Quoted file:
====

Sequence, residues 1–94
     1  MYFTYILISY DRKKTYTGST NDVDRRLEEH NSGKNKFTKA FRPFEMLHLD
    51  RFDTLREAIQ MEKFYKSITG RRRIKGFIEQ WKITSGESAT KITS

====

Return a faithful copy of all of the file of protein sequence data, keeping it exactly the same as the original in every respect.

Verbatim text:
Sequence, residues 1–94
     1  MYFTYILISY DRKKTYTGST NDVDRRLEEH NSGKNKFTKA FRPFEMLHLD
    51  RFDTLREAIQ MEKFYKSITG RRRIKGFIEQ WKITSGESAT KITS